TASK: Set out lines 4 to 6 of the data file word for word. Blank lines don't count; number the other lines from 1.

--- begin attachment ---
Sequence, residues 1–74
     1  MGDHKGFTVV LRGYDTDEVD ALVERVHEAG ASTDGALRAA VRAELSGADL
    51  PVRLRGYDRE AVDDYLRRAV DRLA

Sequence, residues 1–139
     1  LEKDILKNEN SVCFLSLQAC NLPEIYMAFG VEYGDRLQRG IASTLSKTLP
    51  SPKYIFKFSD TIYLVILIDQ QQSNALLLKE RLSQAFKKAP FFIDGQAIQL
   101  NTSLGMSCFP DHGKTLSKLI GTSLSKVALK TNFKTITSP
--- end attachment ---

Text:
Sequence, residues 1–139
     1  LEKDILKNEN SVCFLSLQAC NLPEIYMAFG VEYGDRLQRG IASTLSKTLP
    51  SPKYIFKFSD TIYLVILIDQ QQSNALLLKE RLSQAFKKAP FFIDGQAIQL